Again, Meredith, thanks for contributing to this discussion and challenging the nature of the list. What follows is my attempt at an explanation for my rationale behind changing the judging process from my subjective opinion to systematic voting.
Reason 1: It was extremely difficult for me to pick the top 10 blogs.
I highlighted the struggles I was having when I published the ballot. The quick reminder is that the amount of Gen Y blogs I had become familiar with had increased significantly. It became an agonizing process to narrow it down to ten that provided the most value, especially considering I wanted to accurately evaluate each blog, which consisted of reading at least 3-4 posts from reach.
It boils down to the fact that I didn’t have enough time anymore. Also, I think Andrew Norcross brings up a great point, “Any list, esp. one that is a “Top …” is subjective by design, whether it is based on the writer’s preferences or those that vote.”
Reason 2: I wanted more conversation surrounding the list.
After a brief discussion with Valeria Maltoni about the shortcomings of the AdAge Power 150, I wanted to create more conversation about the top Gen Y blogs. I didn’t have to post all the blogs that were also receiving votes, but I want to showcase as many great blogs as I can and spur conversation like the one we’re having right now.
Prior to the voting, I never had anyone passionately step forward willing to do a guest post about the list; one that took the opportunity to highlight additional bloggers no less.
[And a great way to do that, would be to submit a ballot of course.]
Reason 3: This list is for my readers.
My readers, and the readers of the Gen Y community, are the people who voted for these blogs. I want this list to showcase great bloggers, but I also envision it being a great resource for people looking to familiarize themselves and connect with people writing about things that they are passionate about and that are relevant to their lives.
My lists prior to voting were a lot of the same old blogs, primarily because through my lens I thought they deserved it, but I didn’t want it to be what the most valuable blogs were for me, but for all of you. You can’t make everyone happy right?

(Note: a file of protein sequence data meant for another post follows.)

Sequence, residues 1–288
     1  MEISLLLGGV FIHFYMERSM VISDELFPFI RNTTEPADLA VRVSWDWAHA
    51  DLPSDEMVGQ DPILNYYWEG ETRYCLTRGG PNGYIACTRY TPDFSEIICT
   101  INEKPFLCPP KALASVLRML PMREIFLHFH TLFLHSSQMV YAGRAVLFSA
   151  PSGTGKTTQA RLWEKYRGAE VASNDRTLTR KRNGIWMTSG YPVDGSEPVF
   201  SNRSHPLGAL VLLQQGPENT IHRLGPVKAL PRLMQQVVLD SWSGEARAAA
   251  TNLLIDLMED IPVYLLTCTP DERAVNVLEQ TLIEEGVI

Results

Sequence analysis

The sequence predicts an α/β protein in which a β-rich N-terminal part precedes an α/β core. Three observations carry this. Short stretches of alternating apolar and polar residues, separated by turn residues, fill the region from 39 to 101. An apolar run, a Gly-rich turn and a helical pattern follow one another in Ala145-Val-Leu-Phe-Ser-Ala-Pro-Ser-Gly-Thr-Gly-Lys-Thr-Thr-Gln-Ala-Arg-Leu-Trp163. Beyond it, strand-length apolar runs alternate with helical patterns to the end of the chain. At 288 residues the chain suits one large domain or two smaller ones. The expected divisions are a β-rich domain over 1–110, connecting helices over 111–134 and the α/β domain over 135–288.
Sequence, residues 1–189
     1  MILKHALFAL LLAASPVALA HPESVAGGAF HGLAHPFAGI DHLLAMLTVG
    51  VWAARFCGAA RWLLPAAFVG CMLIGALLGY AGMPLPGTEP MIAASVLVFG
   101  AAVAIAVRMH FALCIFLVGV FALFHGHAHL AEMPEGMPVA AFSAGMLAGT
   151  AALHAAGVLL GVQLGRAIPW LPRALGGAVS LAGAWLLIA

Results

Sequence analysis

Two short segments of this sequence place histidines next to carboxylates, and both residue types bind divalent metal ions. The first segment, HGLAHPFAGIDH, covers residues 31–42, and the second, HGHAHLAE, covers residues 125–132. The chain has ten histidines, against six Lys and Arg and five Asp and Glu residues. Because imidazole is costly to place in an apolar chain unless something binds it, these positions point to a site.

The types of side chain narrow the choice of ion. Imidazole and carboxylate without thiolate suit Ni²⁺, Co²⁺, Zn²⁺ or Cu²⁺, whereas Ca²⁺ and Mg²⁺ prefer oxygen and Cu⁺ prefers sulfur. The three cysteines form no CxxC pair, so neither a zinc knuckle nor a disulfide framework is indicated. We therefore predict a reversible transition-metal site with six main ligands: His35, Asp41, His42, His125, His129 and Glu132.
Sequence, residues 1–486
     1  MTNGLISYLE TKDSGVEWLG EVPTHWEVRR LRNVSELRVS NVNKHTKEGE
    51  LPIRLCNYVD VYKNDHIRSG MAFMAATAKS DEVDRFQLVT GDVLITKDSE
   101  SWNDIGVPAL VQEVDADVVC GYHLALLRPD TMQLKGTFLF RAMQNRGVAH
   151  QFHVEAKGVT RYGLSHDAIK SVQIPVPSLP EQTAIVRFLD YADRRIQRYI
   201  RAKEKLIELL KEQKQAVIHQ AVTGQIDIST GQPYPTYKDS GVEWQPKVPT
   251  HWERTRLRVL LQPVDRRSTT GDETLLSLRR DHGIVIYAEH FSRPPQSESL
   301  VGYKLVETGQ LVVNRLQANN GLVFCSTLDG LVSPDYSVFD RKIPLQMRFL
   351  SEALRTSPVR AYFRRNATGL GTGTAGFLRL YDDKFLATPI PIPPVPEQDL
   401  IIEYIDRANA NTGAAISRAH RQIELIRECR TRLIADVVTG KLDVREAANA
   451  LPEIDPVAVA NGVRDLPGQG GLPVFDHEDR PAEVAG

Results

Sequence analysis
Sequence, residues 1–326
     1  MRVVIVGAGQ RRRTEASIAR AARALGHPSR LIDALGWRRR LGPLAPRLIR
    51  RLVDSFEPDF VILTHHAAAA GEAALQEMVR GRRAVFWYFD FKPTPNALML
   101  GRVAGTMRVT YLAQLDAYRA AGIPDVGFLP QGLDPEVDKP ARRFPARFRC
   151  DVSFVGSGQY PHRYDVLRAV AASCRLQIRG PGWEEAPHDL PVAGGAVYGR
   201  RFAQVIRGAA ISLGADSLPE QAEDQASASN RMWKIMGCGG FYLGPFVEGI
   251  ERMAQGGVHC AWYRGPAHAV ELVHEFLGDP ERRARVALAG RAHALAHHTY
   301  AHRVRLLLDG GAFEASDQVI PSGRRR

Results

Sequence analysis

Those are my primary reasons, but now I want to specifically address a few of the things you mentioned in your letter.
“Voting means it becomes a popularity contest. Or more so, it becomes a game of which bloggers tells their readers and friends to vote for them the most or which blogger votes for themselves the most.”
Interestingly enough, the voters that completely ignored the ballot are the ones at the top of the list, and the ones that blogged about it, tweeted about it, etc. are either near the bottom of the list or on the bubble. My interpretation of that result is that the people that obtained the most votes had content that spoke for itself, regardless of any campaigns.
Also, I required, at minimum, five blogs to be submitted for a ballot to be valid. This successfully weeded out a few people that just sent in, “I vote for _____” and that’s it. Ensuring at least 5 blogs typically means they at least read and are familiar with said blogs.
“But how can a blog that had one post in the entire month of January be picked as ‘Top Gen Y blog’”
Maybe for the people voting, that one post brought as much value into their lives as blogs that posted a lot more often. Also, you highlighted Driven Leaders as a blog that should’ve made the cut, yet guess how many total posts it had between November 30th and January 20th when voting ended? Zero. I have no doubt Anthony’s blog would have had a great chance to make the list otherwise.
I’m not telling you I get more out of any of them necessarily, but evidently the people that voted did. First let me preface this by saying that I think all the additional blogs you mentioned are phenomenal. Now, let me ask this? Are Ben’s and Penelope’s blogs extremely Gen Y relevant?
Ben’s is one of the most consistently thought provoking blogs I read, and he’s definitely a member of Gen Y, but the content he produces isn’t targeted to that audience is it? And while Penelope’s blog certainly has some great posts for our generation, there are plenty others that discuss the exact same things you point out about Holly’s. Except for me, Holly is is my generation and so I can relate a lot more to her problems (and potential outcomes) than getting divorced, funding a company, yelling at my kids, and dating farmers. (I love both blogs and as you’ve mentioned they’ve both been included on my previous lists.)
A few final points to think about and to extend the conversation:
- Is volume always a good thing? Couldn’t it be overwhelming?
- Is a good campaign a sign of a good blogger? That the recognize and leverage the power of community?
Finally, I didn’t conclude Penelope’s blog on the list because I didn’t think it was necessarily Gen Y targeted. It’s the same reason I left Richard Millington’s brilliant Feverbee off the list. It’s about building great communities, not specific issues that we as a generation deal with and negotiate everyday.
The best part about the voting system is that in April we could have a completely different list with entirely different blogs being showcased. Or not. We’ll see.
Thanks again for your submission Meredith.
In Defense of Voting for Top Gen Y Blogs — http://tinyurl.com/cssrun